This interruption of littoral drift induced a large accumulation of sand updrift, of the order of 825,000 m3/y [16, 19]. Since the installation of the harbor, the total amount of sand accumulated updrift is approximately 26.4 million m3, creating a new beach of 65.5 ha of area (Serviluz beach, for location, see Figure 2B) [16].

However, part of the sand accumulated in Serviluz beach, despite the jetties, bypasses them and the headland, being transported around these features and deposited by wave diffraction along the northern side of the harbor, creating the Mansa Beach and silting the harbor’s basin (Figure 3). For this reason, dredging is frequently needed in the harbor basin, in order to let large boats dock without stranding. Surveys carried out by [16] indicated that the amount of sand dredged from the harbor’s basin since the 1950s is of the order of 21 million m3.

Figure 3.

The residual bypass of sand across the jetties and the headland created the Mansa Beach and keep nourishing it regularly. The bypass also produces the silting of the harbor’s basin, which has to be frequently dredged.

The aggressive interruption of the tremendous amount of net longshore sand transport has induced up to 100 m of beach erosion downdrift of the headland/harbor between 1960 and 1970 [17]. Numerous shoreline structures, such as groin fields, were constructed to protect the shoreline from this beach recession (Figure 4), further disrupting the longshore sand transport system and extending the artificial influence further downdrift [12, 17].

Figure 4.

Jetties installed in Fortaleza coastal area, in order to protect the shoreline against the erosion resulted from the interruption of the longshore transport produced by the harbor and associated jetties constructed updrift (east of the shown area) (source: Google Earth, 2019).

In addition to the blockage of longshore bypassing, the dune bypass is also completely obstructed by buildings densely constructed over the entire area during the last decades [4] (Figure 5). Practically no sand reaches the downdrift beach through headland dune migration anymore [4] or through the flux of the Ceará river mouth, to where the dunes of the western segment of Fortaleza city migrated before [16] (for location of Ceará river estuary, see Figure 4).

Figure 5.

(A). East coast of Fortaleza city and Mucuripe harbor vicinity, with large dunefields. The red arrow shows the area where the bypass of dunes still took place after the construction of the harbor. (B). Complete urbanization of the dunefields, with cessation of dunes bypass.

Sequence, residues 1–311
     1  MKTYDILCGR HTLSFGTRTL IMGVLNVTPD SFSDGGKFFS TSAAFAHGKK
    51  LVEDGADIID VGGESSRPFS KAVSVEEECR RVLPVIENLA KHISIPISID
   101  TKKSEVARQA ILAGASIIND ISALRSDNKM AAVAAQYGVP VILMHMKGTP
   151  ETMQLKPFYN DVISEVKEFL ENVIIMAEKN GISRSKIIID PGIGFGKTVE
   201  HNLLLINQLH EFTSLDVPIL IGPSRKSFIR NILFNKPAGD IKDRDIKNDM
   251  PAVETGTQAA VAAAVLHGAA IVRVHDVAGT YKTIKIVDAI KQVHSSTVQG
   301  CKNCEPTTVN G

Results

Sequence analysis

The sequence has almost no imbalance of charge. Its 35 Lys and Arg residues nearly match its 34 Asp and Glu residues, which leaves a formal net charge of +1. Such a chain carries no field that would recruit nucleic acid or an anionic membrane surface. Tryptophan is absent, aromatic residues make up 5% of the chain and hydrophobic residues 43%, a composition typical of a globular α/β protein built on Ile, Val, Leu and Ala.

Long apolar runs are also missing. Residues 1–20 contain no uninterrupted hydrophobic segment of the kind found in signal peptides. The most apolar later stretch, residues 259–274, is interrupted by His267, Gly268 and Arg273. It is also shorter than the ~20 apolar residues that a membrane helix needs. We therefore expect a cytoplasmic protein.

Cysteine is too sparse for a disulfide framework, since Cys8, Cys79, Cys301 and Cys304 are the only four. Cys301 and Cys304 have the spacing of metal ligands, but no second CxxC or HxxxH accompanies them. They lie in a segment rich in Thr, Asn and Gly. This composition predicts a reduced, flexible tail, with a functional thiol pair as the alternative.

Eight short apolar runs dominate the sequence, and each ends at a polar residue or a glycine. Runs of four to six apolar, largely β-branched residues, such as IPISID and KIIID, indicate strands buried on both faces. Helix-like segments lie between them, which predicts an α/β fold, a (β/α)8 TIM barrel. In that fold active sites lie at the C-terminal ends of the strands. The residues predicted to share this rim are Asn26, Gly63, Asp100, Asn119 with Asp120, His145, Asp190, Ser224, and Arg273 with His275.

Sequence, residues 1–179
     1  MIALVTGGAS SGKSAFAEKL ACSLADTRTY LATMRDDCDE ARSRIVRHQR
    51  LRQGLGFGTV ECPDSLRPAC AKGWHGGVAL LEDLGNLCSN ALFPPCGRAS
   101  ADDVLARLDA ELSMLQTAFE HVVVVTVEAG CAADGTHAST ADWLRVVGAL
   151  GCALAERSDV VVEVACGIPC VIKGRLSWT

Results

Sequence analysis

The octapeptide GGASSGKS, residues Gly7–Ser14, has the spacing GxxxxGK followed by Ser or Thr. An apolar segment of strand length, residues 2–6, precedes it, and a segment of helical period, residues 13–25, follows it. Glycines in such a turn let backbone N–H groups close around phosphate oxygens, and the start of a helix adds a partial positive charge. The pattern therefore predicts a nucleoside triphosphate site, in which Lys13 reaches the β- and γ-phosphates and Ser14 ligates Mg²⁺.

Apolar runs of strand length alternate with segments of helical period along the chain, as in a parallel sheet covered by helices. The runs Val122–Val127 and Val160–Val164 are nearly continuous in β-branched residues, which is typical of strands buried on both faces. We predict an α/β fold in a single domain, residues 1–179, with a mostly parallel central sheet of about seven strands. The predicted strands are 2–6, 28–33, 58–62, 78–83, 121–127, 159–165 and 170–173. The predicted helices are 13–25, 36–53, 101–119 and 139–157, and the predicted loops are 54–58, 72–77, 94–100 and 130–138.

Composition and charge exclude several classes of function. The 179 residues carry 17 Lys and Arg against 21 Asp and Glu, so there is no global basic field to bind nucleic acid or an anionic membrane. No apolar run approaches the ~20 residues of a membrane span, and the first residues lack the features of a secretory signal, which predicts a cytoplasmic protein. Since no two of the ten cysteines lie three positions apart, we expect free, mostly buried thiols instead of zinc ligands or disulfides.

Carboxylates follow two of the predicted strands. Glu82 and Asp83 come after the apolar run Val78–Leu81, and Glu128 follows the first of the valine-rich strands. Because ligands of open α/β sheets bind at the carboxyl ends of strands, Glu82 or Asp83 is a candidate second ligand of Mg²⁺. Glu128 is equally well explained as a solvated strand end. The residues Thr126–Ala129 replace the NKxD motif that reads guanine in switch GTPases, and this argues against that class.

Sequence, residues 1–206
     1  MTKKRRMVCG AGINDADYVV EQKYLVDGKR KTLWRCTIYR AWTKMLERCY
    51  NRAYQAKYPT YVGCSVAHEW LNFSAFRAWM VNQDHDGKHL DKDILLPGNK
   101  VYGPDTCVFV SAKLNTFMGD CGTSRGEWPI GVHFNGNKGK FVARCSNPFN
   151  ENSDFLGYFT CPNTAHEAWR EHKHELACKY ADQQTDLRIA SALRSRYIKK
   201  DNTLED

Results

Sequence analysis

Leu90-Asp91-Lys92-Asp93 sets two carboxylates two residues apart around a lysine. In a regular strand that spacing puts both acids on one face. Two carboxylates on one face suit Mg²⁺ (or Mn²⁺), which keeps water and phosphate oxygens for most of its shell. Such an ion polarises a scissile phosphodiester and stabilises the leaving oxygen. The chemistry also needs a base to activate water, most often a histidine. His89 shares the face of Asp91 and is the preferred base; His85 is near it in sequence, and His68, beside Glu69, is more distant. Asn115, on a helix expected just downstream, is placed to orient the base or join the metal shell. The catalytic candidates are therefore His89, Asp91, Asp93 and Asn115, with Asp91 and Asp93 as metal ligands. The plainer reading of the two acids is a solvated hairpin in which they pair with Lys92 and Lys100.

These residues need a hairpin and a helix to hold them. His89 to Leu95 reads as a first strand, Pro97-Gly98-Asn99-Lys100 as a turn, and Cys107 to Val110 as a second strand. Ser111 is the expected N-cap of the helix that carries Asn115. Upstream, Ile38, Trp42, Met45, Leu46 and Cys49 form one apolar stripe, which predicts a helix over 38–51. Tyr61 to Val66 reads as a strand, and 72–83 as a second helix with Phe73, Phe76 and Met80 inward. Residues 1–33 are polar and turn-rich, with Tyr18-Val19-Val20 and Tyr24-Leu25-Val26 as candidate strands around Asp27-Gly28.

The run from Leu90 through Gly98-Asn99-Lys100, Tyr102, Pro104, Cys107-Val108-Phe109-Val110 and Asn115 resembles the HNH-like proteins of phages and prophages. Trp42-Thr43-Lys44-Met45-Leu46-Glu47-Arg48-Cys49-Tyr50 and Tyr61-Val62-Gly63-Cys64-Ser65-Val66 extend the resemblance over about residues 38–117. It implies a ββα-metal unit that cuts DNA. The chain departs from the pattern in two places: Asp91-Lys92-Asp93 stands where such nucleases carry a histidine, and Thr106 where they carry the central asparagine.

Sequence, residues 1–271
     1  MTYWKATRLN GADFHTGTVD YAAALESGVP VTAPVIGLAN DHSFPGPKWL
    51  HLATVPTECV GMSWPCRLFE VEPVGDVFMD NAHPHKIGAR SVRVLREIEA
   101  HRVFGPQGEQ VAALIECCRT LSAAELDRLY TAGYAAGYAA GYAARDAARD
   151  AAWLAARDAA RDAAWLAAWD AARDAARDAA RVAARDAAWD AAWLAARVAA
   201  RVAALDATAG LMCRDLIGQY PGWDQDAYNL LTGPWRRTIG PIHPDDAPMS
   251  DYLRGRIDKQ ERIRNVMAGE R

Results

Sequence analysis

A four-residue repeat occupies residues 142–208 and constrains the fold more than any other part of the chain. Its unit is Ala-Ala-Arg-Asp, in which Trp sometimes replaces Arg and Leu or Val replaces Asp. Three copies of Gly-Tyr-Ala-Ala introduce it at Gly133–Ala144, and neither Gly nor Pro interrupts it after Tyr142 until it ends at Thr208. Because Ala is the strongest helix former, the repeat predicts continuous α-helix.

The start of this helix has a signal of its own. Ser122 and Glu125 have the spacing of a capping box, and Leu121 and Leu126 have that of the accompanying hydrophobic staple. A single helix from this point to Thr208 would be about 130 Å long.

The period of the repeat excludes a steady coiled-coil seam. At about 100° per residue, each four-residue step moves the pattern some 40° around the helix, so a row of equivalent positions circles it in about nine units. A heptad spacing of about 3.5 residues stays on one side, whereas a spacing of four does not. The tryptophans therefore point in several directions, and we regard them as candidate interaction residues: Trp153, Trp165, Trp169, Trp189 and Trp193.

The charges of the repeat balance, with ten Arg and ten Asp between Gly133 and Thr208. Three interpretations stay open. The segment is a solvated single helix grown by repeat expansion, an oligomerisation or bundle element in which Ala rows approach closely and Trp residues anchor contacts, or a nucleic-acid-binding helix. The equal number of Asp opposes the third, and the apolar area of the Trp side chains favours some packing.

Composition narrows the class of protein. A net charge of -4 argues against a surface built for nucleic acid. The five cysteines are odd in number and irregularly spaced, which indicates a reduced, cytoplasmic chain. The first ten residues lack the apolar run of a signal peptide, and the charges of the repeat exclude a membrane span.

The consequences of these processes in the coastal dynamics are dramatic. The shoreline retracted some 400 m in 60 years at places 15 km from the headland [4, 13]. The erosion is still happening: In Icarai Beach, 25 km downdrift, beach recession of magnitude of 100 m took place between the years 2004 and 2016 [4].

The retraction of the beaches indicates that the coastal dynamics in the area are completely disturbed. The sand introduced in the littoral drift by means of this erosion is the probable source of the sediment that is now accumulating in the area around the pier of another harbor, the Pecém harbor, located in the next headland downdrift, 60 km west of Fortaleza harbor [4]. The degradation illustrates the changes related to extreme human interventions on a unidirectional system, associated with rising sea level.

3.2.1 Coastal mitigation in the metropolitan region of Fortaleza

As erosion travels west, real estate owners along the shoreline try to protect their property by building coastal protection with their own resources or by pushing public power to build structures with public resources. In this way, several interventions were made in the last decades, of the rock-fill and bag-wall types.

The rock-fills protect the coast from erosion; however, it results in the loss of the beach area and in increased erosion downdrift (Figure 6A). The bag-wall, built in the 2010s, on the other hand, has already been destroyed by the action of the waves (Figure 6B), showing it completely inefficient for solving the kind of problems created by the construction of the Mucuripe harbor and by the unsustainable type of urbanization of Fortaleza city.

Figure 6.

(A) Erosion in Icarai Beach, 25 km downdrift of Mucuripe harbor, resulting from the interventions in Fortaleza city and in the area around the harbor. The rising of the sea must also be a factor producing the erosion. (B) Bag-wall installed in Icarai Beach in the 2010s, already destroyed by the waves.